Is the DC to AC ratio calculated as per
1. KWp / Active Power (kW )
2. KWp / Apparent Power ( kVA ) ?
All about inverters...
3 posts • Page 1 of 1
It depends on the definition and usually varies between different companies and institutions.
Well, I would recommend you to use none of it.
I do recommend to us a kWp to kW(dc_in) as a function of inclination, orientation and location. E.g. for southern Germany the factor could be 95% for a roof with an optimal angle of 35° facing south. In some regions in our world this could be >1 (e.g. south of USA)! Thus the value can easily get much lower for an E-W-orientation (e.g. 70%) and/or a higher inclination angle.
To make things worse, also the local temperature range has to be considered here as well.
Please note that e.g. for india there is a heavy difference between Ahmedabad and Itanagar from irradiation point of view.
Regarding inclination there is a big difference between Srinagar and Trivandrum for the optimum roof inclination angle (or a different correction factor).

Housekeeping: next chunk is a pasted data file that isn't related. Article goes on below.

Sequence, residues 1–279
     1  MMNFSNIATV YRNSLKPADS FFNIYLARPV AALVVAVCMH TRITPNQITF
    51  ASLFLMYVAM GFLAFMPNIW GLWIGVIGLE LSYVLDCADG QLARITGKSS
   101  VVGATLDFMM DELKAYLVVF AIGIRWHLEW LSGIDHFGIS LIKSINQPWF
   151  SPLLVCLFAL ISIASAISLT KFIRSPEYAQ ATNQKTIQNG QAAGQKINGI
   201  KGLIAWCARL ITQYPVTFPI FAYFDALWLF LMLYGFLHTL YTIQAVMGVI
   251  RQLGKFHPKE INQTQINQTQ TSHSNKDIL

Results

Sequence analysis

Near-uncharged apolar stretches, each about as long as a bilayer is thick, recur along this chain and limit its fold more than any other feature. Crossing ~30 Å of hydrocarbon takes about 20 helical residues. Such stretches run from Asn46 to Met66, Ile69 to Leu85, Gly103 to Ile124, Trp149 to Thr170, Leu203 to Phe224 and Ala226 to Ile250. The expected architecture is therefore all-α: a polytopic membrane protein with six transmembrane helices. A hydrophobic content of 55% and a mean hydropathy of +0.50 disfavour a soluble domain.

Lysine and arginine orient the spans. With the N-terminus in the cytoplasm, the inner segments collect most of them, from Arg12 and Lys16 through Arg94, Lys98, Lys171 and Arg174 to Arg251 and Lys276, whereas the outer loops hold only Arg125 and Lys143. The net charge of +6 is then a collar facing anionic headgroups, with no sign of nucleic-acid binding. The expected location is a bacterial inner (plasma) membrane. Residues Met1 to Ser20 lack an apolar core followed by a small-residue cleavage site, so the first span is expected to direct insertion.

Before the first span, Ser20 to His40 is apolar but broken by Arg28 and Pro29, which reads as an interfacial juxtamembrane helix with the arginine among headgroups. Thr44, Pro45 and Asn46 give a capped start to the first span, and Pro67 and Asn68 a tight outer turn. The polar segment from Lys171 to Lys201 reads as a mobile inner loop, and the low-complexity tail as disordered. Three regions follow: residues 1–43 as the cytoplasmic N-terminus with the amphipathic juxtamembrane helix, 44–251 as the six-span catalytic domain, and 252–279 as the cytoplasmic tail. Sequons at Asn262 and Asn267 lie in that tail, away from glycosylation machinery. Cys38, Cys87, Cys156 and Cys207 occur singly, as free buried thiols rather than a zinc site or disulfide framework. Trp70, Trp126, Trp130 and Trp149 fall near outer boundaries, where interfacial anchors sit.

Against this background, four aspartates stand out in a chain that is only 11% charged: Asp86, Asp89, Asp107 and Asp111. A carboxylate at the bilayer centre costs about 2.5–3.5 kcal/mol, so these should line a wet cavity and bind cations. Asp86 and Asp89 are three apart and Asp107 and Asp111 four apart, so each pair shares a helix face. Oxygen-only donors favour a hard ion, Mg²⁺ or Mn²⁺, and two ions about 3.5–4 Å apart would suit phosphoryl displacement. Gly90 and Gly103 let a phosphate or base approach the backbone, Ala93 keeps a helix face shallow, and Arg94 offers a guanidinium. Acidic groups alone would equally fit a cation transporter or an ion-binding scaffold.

Then there is the inverter efficiency, which you can approximate by using the European Efficiency (at least if the MPP-Voltage at higher temperature is close to the optimum input voltage of the inverter), giving the kW(dc_in) to kW(ac_out). As there are devices available actually only having a bit more than 90% up to 98% this is also not a constant (and for not optimal designed strings should be considered here as well). Depending on the irradiation distribution over the year instead of the European Efficiency the CEC efficiency can/should be used, whichever fits best.
Last there would then be the cos(phi), giving the kW(ac_out) to kVA(ac_out). This is usually between 1 and 0,9, in some strange requirements even 0,7. It heavily varies on local utility requirements and has to be considered separately.
So for a site specific underdimensioning rating of 95%, an inverter EU-Efficiency of 97% and a cos(phi) of 0,9 the overall ratio (kWp to kVA(ac_out)) would be 0,95 * 0,97 * 0,9 = 83%.
As you can see all of those three values could significantly vary thus a general rule of thumb makes no sense. Anybody using a fixed value for any of it usually has no clue what he's doing.
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